When the mid-1990s hit, viruses went international as the first Microsoft Word-based virus using macro commands spread all over the world. In 1998, hackers took control of more than 500 government, military, and private computer systems with the “Solar Sunrise” attacks. Two years later, other hackers were able to crash Amazon, Yahoo and eBay’s websites. In 2001, the Code Red worm ended up causing $2 billion in damage by infecting Microsoft Windows NT and Windows 2000 server software. The large-scale attacks continued into 2006, when anywhere from 469,000 to one million computers were infected with the Nyxem virus.

History & Latest Cyber crime / The rise of worms and viruses
« on: July 09, 2015, 08:58:07 PM »
By 1979, computer threats took on another form. In that year, the researchers created the first computer worm. Originally intended to help computers, the bug was modified by hackers so it would destroy and alter data. Just a few years later, computer viruses were created. By 1988, damage became widespread as a worm disabled around 6,000 computers connected to the Advanced Research Projects Agency Network. And by 1990, the first self-modifying viruses were created.

One of the first recorded computer security threats actually didn’t come from a human. In 1945, Rear Admiral Grace Murray Hopper found a moth among the relays of a Navy computer and called it a “bug.” From this, the term “debugging” was born. It wasn’t until the 1960s that humans started exploiting networks. From 1964 to 1970, AT&T caught hundreds of people obtaining free phone calls through the use of tone-producing “blue boxes.” Later in the 1970s, John Draper found another way to make free phone calls by using a blue box and plastic toy whistle that came in Cap’n Crunch cereal boxes. The two items combined to replicate a tone unlocking AT&T’s phone network.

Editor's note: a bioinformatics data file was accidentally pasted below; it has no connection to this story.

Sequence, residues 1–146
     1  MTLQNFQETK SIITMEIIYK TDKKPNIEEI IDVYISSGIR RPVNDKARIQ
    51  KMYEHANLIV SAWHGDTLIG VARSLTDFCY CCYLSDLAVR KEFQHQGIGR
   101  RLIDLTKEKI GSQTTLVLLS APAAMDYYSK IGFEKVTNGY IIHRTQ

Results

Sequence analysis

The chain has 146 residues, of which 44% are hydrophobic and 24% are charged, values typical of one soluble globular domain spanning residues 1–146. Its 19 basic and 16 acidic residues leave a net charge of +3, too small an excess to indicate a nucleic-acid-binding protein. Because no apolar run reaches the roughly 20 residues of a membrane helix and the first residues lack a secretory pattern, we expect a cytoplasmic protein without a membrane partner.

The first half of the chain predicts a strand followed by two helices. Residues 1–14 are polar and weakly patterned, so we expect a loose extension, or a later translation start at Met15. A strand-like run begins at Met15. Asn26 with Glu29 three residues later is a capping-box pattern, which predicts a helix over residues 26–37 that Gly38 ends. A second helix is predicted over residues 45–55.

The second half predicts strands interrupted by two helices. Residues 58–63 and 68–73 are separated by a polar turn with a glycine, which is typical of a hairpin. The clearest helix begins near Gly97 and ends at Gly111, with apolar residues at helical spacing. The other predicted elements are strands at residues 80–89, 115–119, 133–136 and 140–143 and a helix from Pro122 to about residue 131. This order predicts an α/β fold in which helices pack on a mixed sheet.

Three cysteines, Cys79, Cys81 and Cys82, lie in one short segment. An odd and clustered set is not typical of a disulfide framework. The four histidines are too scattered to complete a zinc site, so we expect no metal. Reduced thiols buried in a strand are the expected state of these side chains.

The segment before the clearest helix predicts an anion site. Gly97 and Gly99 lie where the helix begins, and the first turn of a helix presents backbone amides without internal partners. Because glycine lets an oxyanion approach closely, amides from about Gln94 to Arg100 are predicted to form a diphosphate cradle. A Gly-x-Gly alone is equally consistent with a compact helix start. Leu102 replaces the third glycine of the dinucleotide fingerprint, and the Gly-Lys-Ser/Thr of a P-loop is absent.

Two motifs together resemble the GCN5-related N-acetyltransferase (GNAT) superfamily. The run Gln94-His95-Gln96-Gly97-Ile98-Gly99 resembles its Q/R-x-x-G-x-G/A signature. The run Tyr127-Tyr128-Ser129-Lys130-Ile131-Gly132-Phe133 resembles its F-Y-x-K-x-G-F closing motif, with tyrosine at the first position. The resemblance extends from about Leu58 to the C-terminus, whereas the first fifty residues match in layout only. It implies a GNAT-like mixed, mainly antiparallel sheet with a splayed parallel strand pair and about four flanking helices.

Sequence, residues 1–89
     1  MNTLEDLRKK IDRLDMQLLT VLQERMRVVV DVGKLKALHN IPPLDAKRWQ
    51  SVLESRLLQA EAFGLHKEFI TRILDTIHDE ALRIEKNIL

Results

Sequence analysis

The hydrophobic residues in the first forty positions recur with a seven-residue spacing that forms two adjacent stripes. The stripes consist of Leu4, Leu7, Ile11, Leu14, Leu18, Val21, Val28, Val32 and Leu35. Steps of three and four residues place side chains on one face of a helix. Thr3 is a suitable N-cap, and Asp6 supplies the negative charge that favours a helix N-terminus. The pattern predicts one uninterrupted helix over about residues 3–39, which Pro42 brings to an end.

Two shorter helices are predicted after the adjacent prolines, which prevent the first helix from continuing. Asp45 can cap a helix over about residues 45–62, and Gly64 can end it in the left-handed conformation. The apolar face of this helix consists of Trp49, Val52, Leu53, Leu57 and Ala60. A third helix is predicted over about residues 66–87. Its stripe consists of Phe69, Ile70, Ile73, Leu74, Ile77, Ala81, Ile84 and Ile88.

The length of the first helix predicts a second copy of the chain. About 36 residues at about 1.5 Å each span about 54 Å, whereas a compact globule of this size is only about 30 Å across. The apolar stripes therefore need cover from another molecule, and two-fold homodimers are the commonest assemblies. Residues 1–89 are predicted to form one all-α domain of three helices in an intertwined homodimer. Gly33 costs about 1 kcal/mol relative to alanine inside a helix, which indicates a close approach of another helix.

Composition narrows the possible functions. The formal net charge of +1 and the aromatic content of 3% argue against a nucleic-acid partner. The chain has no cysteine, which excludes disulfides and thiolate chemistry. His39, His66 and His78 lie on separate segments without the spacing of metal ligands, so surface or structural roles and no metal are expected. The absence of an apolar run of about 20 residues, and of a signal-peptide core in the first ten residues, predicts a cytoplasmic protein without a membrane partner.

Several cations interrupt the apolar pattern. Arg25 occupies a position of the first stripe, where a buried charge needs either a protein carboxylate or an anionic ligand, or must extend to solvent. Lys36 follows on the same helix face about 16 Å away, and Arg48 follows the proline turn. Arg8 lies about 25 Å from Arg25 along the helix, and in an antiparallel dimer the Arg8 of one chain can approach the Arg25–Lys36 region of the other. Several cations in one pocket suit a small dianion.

Security Organizations / ISACA - Dhaka Chapter Leaders
« on: July 08, 2015, 01:52:50 AM »
All Chapter Leaders

Mr. A.K.M. Nazrul Haider
University of Health Sciences

Dr. Ijazul Haque, CRISC
Vice President

Mr. Omar Farooq Khandaker, CISA,CISM
Secretary & GRA Coordinator

Mr. Nanda Dulal Saha
Joint Secretary

Mr. Shahinur Rahman, CISA

Muhammad Mahmud Hasan, CISA,CRISC
Joint Treasurer & Webmaster

Mr. Biprajit Saha, CISA
Director of Membership

Mr. Muhammad Abul Kalam Azad, CISA
Director of CRISC Certification

Mr. Zahirul Kium, CISA
Director of CGEIT Certification
Flora Limited

Mr. Sk Mahamudul Hoque
Director of Marketing
DFID Bangladesh

Mrs. Farzana Mithun, CISA
Director of Academic Relations

Mr. Omar Farooq Khandaker, CISA,CISM
Secretary & GRA Coordinator

Mr. Md. Mahfuz Ashraf
Director of Communication

Mr. Md Mahbubul Alam, CISA
Director at Large

Mr. Mohammad Arfe Elahi, CISA
Director of IT Governance

Mr. Ali Ashfaq
Immediate Past President